It was pointed out shortly thereafter to the Steelers' offensive coordinator that if the big man who had been scouted as a defender can keep doing on offense what he did during OTAs, even Bruce Arians might be more inclined to incorporate a fullback into the attack.
Arians clearly appreciated the intended humor in the suggestion, as well as the hint of intrigue.
"We'll see," Arians said. "You never know."
For now, the possibilities of Taylor someday completing the transition from college defensive lineman to NFL fullback are at least worth continuing to explore.
At 6-foot and 273 pounds Taylor was a little on the small side as a potential defensive lineman.
But his background as a high school ball-carrier, his passion for contact, and his ability to navigate his 273 pounds with surprising agility made the position switch the Steelers have undertaken with Taylor an obvious alternative.
Although Taylor worked out as a defensive lineman at Virginia Tech's pro day prior to the draft, "Coach (Mike) Tomlin told me he was looking at me for fullback," Taylor said. "The Lions told me, and a few other teams told my agent, San Francisco and the Browns. My agent was telling me after my pro day that people were pretty much looking at me for fullback. I already understood from the start I was undersized for a defensive lineman. The only other thing I could probably play was linebacker. That's another position you have to learn.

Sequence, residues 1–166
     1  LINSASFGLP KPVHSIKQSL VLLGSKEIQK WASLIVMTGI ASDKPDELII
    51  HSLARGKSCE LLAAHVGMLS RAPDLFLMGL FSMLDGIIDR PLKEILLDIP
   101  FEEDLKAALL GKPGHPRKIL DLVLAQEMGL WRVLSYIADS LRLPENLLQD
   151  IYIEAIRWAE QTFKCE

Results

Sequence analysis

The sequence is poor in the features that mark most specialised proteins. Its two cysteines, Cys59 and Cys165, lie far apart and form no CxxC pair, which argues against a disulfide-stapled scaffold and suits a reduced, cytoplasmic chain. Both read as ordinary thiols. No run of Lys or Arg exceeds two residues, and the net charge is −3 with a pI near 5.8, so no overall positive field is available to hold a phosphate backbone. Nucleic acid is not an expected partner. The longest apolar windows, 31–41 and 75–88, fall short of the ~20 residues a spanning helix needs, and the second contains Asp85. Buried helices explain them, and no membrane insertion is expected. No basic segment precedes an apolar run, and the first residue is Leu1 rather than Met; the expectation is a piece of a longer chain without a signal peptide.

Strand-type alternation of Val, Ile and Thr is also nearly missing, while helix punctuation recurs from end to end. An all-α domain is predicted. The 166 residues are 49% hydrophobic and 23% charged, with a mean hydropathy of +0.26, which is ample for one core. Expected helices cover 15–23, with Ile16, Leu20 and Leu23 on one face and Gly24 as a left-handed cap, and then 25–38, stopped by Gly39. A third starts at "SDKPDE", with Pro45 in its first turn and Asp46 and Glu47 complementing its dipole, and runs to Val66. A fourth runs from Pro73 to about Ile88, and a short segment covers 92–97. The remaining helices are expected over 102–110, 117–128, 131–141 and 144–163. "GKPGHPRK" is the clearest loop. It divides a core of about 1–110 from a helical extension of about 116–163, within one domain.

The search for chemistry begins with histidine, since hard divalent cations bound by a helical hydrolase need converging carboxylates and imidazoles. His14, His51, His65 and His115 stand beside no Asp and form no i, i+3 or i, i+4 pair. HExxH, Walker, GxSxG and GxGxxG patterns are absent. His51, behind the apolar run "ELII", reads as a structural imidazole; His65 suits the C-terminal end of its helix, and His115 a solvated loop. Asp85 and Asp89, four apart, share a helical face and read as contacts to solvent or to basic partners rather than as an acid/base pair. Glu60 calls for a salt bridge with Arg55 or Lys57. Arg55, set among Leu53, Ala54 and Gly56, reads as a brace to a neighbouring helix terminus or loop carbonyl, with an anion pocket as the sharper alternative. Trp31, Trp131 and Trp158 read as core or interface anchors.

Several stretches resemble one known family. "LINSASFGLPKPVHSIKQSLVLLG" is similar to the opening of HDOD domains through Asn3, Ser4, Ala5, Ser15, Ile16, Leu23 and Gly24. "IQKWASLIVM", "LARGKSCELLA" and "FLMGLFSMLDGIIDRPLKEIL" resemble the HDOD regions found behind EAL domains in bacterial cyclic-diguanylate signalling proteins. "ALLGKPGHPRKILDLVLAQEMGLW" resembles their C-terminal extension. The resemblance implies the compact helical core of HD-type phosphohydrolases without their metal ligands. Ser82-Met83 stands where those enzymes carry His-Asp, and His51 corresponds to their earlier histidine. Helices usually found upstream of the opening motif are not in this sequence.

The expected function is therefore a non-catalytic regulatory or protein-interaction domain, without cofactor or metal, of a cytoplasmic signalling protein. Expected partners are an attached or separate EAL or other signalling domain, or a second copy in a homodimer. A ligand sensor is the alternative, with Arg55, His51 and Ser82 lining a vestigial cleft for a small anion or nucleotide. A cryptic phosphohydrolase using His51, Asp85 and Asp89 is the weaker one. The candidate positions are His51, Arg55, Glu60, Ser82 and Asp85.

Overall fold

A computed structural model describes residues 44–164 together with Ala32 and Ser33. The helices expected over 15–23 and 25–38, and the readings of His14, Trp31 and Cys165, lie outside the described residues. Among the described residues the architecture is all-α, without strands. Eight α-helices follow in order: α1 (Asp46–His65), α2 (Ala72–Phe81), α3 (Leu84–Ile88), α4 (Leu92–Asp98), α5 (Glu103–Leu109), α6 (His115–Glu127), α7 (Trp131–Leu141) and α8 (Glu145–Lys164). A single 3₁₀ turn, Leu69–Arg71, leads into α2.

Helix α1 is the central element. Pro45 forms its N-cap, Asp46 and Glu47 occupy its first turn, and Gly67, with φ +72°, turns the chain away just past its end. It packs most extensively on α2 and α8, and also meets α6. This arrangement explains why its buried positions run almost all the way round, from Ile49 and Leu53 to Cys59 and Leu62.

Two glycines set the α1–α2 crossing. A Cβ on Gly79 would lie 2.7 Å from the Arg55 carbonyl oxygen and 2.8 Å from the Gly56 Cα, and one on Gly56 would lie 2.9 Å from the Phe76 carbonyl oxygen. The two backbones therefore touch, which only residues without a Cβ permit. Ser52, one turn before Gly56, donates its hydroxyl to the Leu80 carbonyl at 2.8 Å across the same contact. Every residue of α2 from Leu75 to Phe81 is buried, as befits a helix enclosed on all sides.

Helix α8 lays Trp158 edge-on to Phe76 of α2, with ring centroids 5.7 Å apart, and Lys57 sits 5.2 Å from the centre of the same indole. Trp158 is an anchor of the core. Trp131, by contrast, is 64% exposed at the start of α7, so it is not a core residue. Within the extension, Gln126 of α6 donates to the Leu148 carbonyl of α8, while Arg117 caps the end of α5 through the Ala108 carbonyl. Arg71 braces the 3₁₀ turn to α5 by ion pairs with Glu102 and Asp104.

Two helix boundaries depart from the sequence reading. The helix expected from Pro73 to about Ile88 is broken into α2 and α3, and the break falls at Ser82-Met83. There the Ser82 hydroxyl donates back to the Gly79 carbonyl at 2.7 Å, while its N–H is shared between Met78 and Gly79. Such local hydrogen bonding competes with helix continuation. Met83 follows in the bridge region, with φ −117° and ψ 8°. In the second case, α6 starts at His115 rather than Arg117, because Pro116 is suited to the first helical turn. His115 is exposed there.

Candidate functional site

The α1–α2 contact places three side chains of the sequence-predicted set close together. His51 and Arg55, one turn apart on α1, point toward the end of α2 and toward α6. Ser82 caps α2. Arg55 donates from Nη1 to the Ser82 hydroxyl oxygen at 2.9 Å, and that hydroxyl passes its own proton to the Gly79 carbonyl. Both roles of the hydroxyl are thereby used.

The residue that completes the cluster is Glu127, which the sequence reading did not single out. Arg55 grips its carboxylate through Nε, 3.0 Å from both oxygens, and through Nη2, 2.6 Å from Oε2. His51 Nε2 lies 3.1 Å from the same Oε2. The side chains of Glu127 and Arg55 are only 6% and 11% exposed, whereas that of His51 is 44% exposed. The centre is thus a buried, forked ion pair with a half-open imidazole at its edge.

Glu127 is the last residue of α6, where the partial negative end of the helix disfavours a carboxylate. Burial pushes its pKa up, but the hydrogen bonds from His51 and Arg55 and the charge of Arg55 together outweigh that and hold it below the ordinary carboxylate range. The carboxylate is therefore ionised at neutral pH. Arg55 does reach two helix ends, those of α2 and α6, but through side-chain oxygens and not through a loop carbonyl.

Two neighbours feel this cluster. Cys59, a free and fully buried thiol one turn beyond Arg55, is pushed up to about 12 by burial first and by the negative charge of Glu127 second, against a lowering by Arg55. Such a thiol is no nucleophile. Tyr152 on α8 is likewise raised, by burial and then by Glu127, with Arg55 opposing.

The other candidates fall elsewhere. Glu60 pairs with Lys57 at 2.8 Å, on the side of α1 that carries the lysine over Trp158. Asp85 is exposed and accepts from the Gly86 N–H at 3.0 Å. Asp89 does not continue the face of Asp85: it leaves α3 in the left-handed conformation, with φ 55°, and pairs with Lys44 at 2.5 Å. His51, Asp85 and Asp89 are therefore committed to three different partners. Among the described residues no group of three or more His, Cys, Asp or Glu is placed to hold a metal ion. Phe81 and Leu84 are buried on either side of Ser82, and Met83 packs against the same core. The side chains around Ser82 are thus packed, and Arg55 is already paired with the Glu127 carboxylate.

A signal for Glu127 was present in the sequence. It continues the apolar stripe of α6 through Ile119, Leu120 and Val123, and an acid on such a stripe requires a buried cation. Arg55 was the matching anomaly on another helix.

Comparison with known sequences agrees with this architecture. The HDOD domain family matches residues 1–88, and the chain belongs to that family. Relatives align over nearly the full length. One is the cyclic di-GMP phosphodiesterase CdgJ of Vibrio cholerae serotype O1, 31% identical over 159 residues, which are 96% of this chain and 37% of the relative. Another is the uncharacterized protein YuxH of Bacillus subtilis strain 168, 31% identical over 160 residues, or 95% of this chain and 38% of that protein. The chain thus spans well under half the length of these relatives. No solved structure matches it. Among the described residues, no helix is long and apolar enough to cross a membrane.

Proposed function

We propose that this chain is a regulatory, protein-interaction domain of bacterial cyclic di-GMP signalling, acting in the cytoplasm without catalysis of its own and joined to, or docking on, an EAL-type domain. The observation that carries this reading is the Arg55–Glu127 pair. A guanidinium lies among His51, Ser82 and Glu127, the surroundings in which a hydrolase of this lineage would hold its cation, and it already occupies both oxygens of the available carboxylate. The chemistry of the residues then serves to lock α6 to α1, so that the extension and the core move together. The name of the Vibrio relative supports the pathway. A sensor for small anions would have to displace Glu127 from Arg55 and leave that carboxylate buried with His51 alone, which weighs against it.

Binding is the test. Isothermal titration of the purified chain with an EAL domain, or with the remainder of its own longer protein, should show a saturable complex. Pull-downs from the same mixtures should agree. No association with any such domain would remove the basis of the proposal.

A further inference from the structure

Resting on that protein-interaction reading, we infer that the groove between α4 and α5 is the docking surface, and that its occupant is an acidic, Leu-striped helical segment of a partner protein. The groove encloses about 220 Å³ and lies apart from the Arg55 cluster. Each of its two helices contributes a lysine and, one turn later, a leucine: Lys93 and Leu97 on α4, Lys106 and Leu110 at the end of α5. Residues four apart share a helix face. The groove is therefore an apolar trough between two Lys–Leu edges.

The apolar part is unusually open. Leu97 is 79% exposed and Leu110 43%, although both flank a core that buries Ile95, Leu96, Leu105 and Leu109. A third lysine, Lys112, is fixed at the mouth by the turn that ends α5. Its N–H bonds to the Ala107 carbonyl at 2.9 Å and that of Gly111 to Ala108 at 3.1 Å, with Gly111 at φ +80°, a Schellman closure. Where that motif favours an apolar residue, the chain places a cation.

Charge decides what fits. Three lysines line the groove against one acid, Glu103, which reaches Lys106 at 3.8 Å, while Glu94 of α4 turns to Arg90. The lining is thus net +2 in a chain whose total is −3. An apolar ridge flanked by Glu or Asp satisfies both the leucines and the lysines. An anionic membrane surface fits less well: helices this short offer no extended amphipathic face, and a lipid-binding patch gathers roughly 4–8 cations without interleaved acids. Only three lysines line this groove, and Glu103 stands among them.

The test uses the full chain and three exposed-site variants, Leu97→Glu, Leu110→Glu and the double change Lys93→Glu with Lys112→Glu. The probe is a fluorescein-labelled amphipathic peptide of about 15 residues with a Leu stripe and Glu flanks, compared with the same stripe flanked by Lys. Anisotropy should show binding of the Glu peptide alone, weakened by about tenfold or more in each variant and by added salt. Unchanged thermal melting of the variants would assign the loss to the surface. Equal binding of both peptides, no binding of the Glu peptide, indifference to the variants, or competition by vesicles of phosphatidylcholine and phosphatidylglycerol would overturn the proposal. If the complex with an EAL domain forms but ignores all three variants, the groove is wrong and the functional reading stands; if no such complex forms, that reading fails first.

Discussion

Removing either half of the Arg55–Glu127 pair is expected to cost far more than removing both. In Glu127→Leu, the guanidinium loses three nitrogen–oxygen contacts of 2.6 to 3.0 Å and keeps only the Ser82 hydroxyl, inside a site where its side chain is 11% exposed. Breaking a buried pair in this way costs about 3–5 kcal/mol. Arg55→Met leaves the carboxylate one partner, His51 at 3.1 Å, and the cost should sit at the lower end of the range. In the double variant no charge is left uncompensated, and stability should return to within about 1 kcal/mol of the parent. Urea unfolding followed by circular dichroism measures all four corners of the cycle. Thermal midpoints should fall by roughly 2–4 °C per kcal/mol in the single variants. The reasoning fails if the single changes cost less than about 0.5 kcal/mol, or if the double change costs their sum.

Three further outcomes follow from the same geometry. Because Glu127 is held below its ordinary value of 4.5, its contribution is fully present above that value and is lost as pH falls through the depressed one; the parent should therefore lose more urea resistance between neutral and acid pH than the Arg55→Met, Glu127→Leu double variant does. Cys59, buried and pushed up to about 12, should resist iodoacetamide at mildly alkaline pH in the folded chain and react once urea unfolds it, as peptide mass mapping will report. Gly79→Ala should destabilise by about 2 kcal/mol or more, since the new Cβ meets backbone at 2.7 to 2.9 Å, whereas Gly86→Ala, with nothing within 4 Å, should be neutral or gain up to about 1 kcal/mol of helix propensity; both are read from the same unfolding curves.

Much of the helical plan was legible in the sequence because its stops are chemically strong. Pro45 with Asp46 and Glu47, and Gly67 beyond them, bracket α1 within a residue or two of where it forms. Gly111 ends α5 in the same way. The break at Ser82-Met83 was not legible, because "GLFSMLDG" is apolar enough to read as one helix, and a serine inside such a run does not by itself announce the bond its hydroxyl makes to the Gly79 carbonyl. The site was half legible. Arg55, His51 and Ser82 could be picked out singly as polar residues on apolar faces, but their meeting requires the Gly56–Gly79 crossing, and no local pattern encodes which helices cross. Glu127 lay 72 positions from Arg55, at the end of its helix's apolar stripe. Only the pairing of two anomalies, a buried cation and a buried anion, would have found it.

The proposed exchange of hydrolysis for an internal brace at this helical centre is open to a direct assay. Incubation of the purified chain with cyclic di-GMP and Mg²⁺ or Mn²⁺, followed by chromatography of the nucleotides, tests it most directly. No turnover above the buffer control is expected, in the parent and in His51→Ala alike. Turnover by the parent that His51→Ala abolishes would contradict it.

"I pretty much knew I was going to be a fullback. I've always felt like a natural fullback-slash-running back. I played tailback in high school. I just got bigger so they put my hand on the ground."
Taylor rushed for 927 yards and scored 20 TDs as a senior in high school. At Tech he started out at outside linebacker (he'd also been a linebacker in high school) before moving to defensive end and eventually defensive tackle.
"I always felt like I possessed fullback skills," he said. "I've always liked contact. That was my main thing."
Minicamp and the OTAs alerted Taylor as to the attention to detail his new position demands. In college he'd listen for one call in the huddle, but those days are over.
"It does keep you on your game all the time," he said. "You have to be listening for every call in the huddle. I like the challenge. We'll see how it goes."
The risk of the position switch is low given Taylor's status as an undrafted free agent. The reward might eventually prove significant for Taylor and the Steelers, although he has no illusions about becoming the team's next Dan Kreider, who was the team's Rookie of the Year in 2000.
"Hopefully, I'll be around at least for a year to try and learn it, and then after that try to get on the 53-man roster," Taylor said. "Once I get 100 percent comfortable I think I'll like it."
If he proves as adept at the other nuances of fullback as he is quick to the tuck, the Steelers might, too.